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How Carnival, Mardi Gras Thrive During a Pandemic

A group of samba dancers in bright red and purple costumes in Sao Paolo, Brazil, during Carival in February 2020
The Samba Schools Parade at Anhembi Sambadrome during Carnival 2020 in Sao Paolo, Brazil. BW Press/Shutterstock

Rutgers scholar discusses how the African diaspora festivals continue to evolve

By turning houses into stationary floats and releasing music on time while delaying the parades, people across the Americas and the Caribbean who celebrate Carnival and Mardi Gras are preparing to keep the festivals alive during the pandemic.

Kim D. Butler, a Rutgers University-New Brunswick scholar of history and Africana studies, reflects on the meaning of the festivals, their relationship to the African diaspora, and how they will survive while the world fights COVID-19. The world’s largest Carnival, in Rio de Janeiro, begins Feb. 12. Mardi Gras in New Orleans will be held Feb. 16.

Q: What are the connections between Carnival, Mardi Gras and the cultures of the African diaspora?

Carnival is one of the great cultural traditions in the African diaspora. Many people do not fully appreciate how African the Americas are. In the first three centuries after Columbus's arrival, five out of six arrivals from the Old World to the New World were from Africa. Because of this, we see some traditions with direct connections to Africa, like elaborate costumes and masks. We also see newer traditions that reflect the day-to-day realities of African descendants, especially following the end of slavery when they were able to fully participate.  Carnival traditionally celebrates the pleasures of the flesh, including eating meat (“carne”) and other excesses to be given up during the solemn fasting for Lent, so it ends on Mardi Gras ("Fat Tuesday") before the official start of Lent on Ash Wednesday.

Q: What is the cultural significance of Carnival and Mardi Gras today in the countries where they are celebrated?

Carnival is a chance to feel free from the strict social rules that regulate our daily life. Yet at the same time, Carnival is traditionally a time for people to voice their thoughts about major social and political issues through creative parodies. In Brazil, one of the popular samba schools, Mangueira, used allegory to criticize the omission of African and Indigenous contributions to the building of the nation and address the 2018 political murder of Marielle Franco, an advocate against racism, homophobia and police violence. Our own Mardi Gras, in New Orleans, is a whole season celebrating community. Each krewe, or Carnival club, reflects a particular facet of New Orleans's multi-ethnic history, including the famous Mardi Gras Indians who honor the Native Americans who helped Black people escape slavery. Trinidad has the largest Carnival in the Caribbean, which led to the new musical genres of calypso and soca and an important new musical instrument invented in the 20th century: the steel drum. Here in the United States, Caribbean immigrants also celebrate Carnival in various cities throughout the summer, so you can dance to the top Carnival hits and taste the foods from all around the Caribbean in a single festival.  One of the largest Caribbean Carnivals takes place annually in Brooklyn during Labor Day Weekend.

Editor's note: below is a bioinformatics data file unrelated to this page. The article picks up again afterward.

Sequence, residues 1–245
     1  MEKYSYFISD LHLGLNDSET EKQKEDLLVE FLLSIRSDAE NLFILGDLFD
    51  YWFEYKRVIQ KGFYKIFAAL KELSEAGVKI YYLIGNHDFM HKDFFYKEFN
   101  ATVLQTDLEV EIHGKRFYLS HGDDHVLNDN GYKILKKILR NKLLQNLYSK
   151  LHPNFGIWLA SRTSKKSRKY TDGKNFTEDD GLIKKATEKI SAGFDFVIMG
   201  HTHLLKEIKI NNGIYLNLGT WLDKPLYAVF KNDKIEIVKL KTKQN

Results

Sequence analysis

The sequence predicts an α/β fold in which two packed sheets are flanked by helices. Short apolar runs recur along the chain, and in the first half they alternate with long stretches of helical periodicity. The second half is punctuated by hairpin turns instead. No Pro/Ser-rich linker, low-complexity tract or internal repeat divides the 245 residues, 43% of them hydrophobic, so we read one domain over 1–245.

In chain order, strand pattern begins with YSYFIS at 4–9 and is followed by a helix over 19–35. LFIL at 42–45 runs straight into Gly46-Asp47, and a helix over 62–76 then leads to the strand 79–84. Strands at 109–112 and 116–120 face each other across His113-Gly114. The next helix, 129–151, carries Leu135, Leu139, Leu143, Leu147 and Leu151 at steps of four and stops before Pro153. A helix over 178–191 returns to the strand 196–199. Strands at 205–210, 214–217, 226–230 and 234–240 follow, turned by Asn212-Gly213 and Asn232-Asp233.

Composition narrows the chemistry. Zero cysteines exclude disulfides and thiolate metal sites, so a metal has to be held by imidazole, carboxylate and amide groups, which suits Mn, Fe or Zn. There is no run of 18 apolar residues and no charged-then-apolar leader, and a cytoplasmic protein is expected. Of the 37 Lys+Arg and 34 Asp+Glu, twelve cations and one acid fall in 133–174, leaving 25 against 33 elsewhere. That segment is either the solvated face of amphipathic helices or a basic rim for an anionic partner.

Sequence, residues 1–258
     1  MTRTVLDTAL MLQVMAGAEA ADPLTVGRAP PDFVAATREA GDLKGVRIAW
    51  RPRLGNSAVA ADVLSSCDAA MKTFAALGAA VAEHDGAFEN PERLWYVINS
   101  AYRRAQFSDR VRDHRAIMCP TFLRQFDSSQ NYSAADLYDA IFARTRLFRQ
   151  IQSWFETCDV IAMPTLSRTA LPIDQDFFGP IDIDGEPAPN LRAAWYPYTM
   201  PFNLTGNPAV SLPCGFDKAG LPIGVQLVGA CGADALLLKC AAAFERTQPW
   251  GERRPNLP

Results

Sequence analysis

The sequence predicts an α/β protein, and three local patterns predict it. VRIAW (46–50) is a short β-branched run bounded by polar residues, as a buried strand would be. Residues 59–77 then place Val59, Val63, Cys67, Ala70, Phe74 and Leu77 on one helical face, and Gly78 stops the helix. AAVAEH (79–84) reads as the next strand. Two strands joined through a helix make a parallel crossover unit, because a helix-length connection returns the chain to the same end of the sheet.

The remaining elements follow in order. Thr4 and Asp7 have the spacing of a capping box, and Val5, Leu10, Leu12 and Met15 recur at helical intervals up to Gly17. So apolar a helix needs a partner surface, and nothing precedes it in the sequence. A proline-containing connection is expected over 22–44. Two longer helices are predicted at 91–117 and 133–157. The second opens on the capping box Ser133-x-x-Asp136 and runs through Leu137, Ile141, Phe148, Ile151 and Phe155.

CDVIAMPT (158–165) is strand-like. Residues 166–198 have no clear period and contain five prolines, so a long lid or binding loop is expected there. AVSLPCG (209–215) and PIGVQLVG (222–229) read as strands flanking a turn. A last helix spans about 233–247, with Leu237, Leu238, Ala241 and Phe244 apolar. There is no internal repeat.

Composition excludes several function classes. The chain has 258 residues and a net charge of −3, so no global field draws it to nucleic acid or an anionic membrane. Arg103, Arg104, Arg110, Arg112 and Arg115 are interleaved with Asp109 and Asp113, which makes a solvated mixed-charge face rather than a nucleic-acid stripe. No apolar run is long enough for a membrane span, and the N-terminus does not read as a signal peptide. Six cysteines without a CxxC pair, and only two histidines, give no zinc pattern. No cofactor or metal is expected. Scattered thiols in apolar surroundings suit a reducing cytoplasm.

Q: In the countries where Carnival and Mardi Gras are important, how might people observe them this year when the parades and large gatherings are canceled?

Kim D. Butler
Kim D. Butler is a Rutgers University-New Brunswick scholar of history and Africana studies.

COVID has forced the cancellation of the festivals, but not their spirit. Carnival is all about creativity, and it’s showing up in the ways people are finding ways to celebrate. In New Orleans this year, they've invented something called the “house float,” where artists, who would have worked on actual floats for the parades, are hired by locals to decorate their houses. That way, simply driving through the city, you can see the elaborate allegorical art –- except it's you that's moving, not the float. Toronto's Caribana Carnival did online events last summer. Carnival clubs in Rio de Janeiro’s main parade have more than 3,000 paraders, so it’s harder for them to pivot. Brazilian cities have typically postponed Carnival, but the clubs are still releasing the wonderful original music created for this year, which is truly a poetic genre of its own. Wherever people love Carnival, they will find original ways to celebrate the joy of life despite the challenges, which is really what Carnival is about after all.